Neuromuscular Scoliosis

Neuromuscular = involving the muscles and the nervous system (the brain, spine, and nerves)
Scoliosis = a side-to-side curvature of the spine

Scoliosis is a side-to-side curvature of the spine. Neuromuscular scoliosis is a particular type of scoliosis caused by problems with the muscles and the nervous system (the brain, spine, and nerves).

Compared with other forms of scoliosis, neuromuscular scoliosis is more likely to continue increasing in size over time. It is likely to involve the entire length of the spine and have a shape that looks like a tall “C.” It is often associated with a tilted pelvis, a condition known as pelvic obliquity. As in other forms of scoliosis, the spine is likely to rotate as well as the curve.

Neuromuscular scoliosis is most commonly diagnosed in children and adolescents. (The spinal curvature can continue to increase into adulthood.) More rarely, adults can be diagnosed with neuromuscular scoliosis.


Neuromuscular scoliosis can cause difficulty with balance, sitting, and (if the child walks) walking. Severe curves can interfere with breathing and with lung development.

Signs of neuromuscular scoliosis include increasing asymmetry (the difference between right and left sides) in the shoulders, rib cage, and hips. The waist may appear higher on one side.

In children who walk, signs include changes in posture, difficulty standing upright, or changes in gait.

In children who do not walk, signs include leaning to one side and needing to support a seated position with the arms.

In most cases, neuromuscular scoliosis does not cause pain.


Neuromuscular scoliosis is diagnosed with X-rays of the spine from the side and the back. Whenever possible, the X-rays are taken in a standing or seated position without supports. Taking the X-rays without supports gives the best idea of the natural state of the curve because this allows gravity to affect the shape of the spine.

A doctor will use X-ray images to measure the degree of curvature and rotation in the spine and pelvis.

Risk Factors

Neuromuscular scoliosis is associated with underlying conditions like cerebral palsy, spina bifida, or other forms of spinal dysraphism, spinal tumors, syringomyelia, muscular dystrophy, connective tissue, and other genetic conditions, or paralysis due to spinal cord injury.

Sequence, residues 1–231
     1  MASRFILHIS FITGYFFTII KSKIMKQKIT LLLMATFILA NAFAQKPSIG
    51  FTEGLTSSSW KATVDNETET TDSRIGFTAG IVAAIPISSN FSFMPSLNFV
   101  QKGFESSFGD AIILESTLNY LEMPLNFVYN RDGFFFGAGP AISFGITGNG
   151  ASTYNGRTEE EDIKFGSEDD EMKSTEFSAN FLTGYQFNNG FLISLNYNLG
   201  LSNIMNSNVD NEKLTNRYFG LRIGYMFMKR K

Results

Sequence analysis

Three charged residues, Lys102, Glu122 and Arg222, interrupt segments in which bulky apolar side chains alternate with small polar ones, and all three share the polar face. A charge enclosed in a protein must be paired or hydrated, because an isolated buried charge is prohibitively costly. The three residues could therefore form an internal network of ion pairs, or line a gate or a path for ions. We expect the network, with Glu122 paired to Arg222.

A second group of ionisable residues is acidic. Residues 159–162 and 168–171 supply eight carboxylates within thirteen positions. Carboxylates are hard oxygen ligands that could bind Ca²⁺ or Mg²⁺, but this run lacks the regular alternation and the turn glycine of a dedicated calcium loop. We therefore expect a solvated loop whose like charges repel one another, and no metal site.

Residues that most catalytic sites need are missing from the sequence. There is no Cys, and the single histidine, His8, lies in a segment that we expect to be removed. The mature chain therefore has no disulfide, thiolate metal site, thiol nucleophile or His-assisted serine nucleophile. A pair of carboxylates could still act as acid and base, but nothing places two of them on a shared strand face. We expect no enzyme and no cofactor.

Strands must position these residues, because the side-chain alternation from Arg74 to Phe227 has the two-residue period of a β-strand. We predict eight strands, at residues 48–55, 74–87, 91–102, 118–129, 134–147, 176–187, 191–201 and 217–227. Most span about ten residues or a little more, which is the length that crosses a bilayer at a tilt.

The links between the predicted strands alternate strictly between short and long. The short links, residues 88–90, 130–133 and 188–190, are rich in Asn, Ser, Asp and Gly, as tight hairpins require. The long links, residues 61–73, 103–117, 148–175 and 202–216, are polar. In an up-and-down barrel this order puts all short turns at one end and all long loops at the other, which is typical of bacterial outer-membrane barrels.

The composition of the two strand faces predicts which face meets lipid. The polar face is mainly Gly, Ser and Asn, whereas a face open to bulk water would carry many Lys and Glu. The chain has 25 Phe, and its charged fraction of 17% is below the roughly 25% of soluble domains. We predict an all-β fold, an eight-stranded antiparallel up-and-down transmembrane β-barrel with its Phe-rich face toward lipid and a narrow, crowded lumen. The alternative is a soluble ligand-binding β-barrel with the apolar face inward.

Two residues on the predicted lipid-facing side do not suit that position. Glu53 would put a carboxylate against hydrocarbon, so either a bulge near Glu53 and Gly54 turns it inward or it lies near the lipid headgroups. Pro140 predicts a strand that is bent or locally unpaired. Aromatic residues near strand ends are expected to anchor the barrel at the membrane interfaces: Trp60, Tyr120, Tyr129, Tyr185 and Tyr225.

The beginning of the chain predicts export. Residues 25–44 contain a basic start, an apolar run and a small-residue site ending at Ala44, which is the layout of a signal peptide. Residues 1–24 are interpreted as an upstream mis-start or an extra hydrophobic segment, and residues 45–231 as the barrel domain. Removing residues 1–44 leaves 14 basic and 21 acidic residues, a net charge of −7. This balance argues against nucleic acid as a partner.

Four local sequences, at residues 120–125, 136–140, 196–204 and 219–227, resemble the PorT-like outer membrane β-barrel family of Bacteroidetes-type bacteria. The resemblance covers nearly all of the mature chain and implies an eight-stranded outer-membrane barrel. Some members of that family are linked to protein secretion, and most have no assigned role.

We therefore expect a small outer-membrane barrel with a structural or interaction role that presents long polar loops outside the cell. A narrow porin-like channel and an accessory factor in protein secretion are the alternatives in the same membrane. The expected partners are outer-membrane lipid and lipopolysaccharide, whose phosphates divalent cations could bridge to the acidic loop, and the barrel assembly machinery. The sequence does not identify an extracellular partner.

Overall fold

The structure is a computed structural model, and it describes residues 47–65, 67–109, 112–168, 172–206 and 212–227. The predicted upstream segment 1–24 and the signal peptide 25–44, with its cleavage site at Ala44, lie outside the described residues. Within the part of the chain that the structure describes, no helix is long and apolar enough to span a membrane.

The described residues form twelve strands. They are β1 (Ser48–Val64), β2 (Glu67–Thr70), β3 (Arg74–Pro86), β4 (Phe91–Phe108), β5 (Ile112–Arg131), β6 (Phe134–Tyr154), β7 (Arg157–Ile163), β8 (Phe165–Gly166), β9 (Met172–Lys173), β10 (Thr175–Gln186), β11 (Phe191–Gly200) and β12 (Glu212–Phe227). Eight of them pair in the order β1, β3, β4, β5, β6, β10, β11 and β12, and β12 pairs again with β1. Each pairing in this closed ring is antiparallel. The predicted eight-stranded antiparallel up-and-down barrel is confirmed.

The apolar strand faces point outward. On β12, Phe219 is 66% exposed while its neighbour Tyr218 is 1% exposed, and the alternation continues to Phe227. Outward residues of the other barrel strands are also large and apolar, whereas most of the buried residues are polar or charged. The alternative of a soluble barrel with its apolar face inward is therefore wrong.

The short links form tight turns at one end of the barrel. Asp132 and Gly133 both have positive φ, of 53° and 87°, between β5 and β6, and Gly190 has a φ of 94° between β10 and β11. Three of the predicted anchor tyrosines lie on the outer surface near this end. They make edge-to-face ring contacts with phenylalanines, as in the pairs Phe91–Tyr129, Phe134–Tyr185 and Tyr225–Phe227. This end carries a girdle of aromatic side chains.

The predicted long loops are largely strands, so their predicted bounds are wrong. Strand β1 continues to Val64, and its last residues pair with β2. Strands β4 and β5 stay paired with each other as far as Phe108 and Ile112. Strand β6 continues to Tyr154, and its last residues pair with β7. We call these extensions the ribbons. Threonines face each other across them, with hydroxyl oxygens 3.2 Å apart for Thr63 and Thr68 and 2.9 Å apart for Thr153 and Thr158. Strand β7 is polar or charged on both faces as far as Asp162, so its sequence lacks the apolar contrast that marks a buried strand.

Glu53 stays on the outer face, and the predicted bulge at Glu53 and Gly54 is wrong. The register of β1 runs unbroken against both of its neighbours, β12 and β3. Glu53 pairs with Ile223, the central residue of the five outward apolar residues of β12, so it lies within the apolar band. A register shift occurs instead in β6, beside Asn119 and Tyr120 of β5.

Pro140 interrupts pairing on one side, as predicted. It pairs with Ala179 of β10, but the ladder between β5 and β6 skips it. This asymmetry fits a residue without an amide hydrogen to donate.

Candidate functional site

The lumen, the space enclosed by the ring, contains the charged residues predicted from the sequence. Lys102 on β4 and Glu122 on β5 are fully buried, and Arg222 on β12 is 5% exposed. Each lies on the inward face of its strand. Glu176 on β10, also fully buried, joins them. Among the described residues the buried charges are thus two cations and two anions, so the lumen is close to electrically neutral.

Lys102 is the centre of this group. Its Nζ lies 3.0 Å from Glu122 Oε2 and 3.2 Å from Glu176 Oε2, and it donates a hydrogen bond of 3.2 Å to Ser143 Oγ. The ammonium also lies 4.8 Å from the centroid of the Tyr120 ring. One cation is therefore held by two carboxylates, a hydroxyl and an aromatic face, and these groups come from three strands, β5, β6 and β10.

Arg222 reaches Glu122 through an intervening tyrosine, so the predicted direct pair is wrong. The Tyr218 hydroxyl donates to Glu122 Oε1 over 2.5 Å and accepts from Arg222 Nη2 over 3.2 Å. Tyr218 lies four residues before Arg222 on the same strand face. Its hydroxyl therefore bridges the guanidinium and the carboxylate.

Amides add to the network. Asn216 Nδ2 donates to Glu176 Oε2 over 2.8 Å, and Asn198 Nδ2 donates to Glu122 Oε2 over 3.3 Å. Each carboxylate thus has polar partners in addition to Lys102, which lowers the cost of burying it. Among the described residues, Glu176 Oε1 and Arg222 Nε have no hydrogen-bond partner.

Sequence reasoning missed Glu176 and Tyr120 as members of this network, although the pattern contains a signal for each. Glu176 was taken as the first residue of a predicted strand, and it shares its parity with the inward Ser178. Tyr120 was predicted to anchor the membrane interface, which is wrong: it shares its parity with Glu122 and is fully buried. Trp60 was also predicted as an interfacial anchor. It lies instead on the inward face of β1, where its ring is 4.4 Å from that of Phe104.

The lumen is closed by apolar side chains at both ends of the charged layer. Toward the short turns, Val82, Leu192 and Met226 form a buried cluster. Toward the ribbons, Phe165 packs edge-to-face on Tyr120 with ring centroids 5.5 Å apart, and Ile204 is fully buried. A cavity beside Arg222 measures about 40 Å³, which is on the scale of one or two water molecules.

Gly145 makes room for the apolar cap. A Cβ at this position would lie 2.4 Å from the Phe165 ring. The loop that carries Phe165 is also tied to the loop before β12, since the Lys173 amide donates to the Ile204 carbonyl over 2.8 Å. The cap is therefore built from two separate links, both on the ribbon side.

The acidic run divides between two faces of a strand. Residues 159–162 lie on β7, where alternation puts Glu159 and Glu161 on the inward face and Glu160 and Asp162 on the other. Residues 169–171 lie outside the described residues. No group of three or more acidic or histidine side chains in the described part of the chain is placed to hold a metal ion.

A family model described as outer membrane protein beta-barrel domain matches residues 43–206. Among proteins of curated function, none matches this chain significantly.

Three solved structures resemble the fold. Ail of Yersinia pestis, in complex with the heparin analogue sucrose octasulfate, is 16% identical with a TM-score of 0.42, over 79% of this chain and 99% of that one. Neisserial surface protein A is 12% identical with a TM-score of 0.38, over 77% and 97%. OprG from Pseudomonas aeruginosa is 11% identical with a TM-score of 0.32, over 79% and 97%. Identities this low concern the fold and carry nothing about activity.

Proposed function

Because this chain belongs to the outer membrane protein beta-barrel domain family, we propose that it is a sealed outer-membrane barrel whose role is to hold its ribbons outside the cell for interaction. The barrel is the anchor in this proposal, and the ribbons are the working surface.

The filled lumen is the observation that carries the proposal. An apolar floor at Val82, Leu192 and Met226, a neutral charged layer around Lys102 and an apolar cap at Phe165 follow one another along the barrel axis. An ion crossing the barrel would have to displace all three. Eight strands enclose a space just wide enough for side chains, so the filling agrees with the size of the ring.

The curvature tends to be most severe in children who do not walk.

The exact mechanisms of the condition are not well understood. It is sometimes involved with muscle rigidity and sometimes with muscle looseness. The presence, severity, and course of the condition cannot always be predicted by the condition and the muscle involvement.


There are non-surgical and surgical treatment options for neuromuscular scoliosis. In general, surgical treatment is appropriate for children and adults whose curve is large and progressive, whose curve causes pain or difficulty with walking, sitting or breathing, and who have the nutritional and overall health status to tolerate surgery.

The surgical treatment involves correcting the spinal curvature and then keeping the spine in the corrected position. Curves of neuromuscular scoliosis are generally long curves that involve much of the spine. The surgical treatment may extend along a large portion of the spine, down to the pelvis (see spinopelvic fixation).

In children who are still growing, curve correction and stabilization is accomplished with growing constructs (e.g. growing rods or VEPTRs). These adjustable metal rods are curved to fit the corrected spine and attached to screws that are implanted in bones of the spine or to ribs. Once the rods are inserted, they are lengthened with a minor procedure every 6-8 months while growth continues. In some cases, these lengthenings can be done magnetically without the need for surgery. In this way, the child’s spine can grow while the rods keep it stable. The use of hardware like screws and rods to keep the spine stable is called spinal fixation.

The rods alone are not a lifelong solution. Long-term stability is granted by bone fusion. In a bone fusion, small pieces of bone graft are placed like bridges to connect bones of the spine. The bones grow together into one solid bone, like when a fracture heals. The resulting section of spine is very stable and will not allow curvature. However, this procedure is usually not performed until the spine is finished growing.

In patients whose spinal growth is complete, a fusion and fixation procedure is performed. The bone fusion provides long-term stability. The fixation with hardware keeps the spine stable while the bones fuse. In patients who originally had growth rods, those rods are replaced with standard fixation rods during the fusion and fixation.